Apple has filed for a new patent in which it details plans to use wireless technology to charge devices without the need for a cable or charging pad.

By using one or all of a number of different radio frequencies such as cellular (700MHz to 2700MHz), Wi-Fi (2.4GHz to 5GHz), and millimeter wave (between 10GHz and 400GHz), Apple believes it can charge devices like iPhones and iPads without a user having to plug them in or be in close proximity to a traditional wireless charging puck or pad.

The patent, carrying the title Wireless Charging and Communications Systems With Dual-Frequency Patch Antennas does specifically mention the possibility of transmitting power through the 60GHz wavelength that is used by the WiGig 802.11ad standard. This would make sense on Apple’s part because this is the closest thing to an adopted high-frequency option available right now.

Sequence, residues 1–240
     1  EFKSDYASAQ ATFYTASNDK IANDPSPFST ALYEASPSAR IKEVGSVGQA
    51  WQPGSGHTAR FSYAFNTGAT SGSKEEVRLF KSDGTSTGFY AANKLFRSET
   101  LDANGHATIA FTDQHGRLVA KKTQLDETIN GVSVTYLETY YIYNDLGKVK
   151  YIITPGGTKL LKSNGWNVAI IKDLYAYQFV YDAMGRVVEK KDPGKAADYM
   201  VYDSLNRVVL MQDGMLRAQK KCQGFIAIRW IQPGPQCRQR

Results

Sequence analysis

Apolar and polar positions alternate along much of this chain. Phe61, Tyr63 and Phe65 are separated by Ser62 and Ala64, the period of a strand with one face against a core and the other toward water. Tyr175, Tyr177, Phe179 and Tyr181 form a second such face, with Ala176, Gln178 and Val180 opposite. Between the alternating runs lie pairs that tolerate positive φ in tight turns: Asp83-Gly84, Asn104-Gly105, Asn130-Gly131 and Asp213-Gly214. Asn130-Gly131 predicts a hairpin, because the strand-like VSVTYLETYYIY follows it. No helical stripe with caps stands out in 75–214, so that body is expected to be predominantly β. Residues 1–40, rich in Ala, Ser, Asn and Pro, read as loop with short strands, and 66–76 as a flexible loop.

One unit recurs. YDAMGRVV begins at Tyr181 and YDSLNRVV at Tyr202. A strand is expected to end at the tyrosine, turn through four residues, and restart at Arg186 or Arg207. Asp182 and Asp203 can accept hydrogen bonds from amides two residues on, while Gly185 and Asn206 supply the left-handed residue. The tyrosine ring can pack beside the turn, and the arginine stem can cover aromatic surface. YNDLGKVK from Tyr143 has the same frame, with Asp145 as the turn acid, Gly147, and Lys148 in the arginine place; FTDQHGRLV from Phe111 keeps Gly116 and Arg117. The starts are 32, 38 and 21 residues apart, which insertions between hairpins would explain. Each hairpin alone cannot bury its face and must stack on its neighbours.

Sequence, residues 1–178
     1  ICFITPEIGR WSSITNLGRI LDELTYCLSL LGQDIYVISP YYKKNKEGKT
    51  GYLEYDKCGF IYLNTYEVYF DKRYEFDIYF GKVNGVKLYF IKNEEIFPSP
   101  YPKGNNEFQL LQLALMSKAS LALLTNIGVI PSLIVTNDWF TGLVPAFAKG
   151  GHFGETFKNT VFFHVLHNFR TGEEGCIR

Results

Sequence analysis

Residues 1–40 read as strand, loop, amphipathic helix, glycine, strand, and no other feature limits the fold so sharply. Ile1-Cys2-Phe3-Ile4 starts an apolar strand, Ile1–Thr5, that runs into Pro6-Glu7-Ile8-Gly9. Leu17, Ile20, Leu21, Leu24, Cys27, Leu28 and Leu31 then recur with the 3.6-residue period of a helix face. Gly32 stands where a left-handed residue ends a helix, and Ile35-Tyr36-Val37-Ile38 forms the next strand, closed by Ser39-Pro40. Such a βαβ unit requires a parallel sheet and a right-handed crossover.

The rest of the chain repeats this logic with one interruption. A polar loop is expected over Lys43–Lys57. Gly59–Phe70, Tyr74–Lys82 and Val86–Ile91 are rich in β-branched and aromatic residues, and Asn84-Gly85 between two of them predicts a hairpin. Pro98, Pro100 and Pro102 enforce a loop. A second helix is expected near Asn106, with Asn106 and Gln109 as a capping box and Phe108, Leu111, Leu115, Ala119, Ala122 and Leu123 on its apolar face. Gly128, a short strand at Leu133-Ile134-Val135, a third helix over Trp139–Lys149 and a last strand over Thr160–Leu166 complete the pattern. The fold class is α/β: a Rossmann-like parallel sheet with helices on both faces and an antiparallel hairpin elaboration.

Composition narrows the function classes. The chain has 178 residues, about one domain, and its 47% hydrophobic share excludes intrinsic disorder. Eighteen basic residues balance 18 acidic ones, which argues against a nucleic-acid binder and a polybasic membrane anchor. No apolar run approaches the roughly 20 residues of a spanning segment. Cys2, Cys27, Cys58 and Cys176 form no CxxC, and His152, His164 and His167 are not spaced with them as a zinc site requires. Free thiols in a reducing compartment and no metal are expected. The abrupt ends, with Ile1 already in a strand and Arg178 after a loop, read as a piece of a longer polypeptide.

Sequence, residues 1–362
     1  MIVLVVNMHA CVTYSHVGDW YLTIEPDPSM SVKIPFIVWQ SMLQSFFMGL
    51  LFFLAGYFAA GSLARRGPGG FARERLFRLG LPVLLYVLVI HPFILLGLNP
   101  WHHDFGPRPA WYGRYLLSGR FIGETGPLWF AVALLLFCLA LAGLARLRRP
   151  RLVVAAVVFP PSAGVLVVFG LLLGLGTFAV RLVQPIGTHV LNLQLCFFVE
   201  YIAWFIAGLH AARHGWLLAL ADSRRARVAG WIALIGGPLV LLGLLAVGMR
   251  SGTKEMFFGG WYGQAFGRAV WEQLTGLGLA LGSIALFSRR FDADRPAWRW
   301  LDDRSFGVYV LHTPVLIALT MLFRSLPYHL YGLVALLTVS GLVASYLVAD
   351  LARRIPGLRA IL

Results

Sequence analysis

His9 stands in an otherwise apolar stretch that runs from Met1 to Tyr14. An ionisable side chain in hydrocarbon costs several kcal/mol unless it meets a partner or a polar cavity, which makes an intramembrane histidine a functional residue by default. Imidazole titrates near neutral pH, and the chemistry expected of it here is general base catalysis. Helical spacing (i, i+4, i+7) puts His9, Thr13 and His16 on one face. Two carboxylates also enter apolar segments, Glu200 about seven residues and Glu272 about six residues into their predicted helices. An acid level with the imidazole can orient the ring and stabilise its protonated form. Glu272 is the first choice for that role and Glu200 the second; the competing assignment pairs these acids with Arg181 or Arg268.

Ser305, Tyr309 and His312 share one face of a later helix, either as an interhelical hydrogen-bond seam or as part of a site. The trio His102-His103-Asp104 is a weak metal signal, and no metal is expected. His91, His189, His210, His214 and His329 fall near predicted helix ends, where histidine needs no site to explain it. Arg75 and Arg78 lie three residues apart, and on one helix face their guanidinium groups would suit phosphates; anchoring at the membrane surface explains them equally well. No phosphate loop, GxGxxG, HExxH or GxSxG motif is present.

Apple’s patent also mentions the use of beamforming technology to locate a device that requires charging and then direct power in that direction. Beamforming is already used in many home routers and access points, including those sold by Apple. If the company could build this charging technology into something as ubiquitous as a WiFi access point, things could get very interesting indeed.

Apple has a long history of filing for patents but then never actually using that patent for a real, shipping product. This is because Apple patents anything and everything that its boffins come up with, no matter how unlikely it is to be used in a product that it can sell to customers.

This has the knock-on effect of meaning that not all patent applications can give us a clear indication of what Apple is truly working on, but sometimes we think there may be something to the patent-shaped tea leaves. This latest wireless charging patent is one of those times.

(Source: USPTO)

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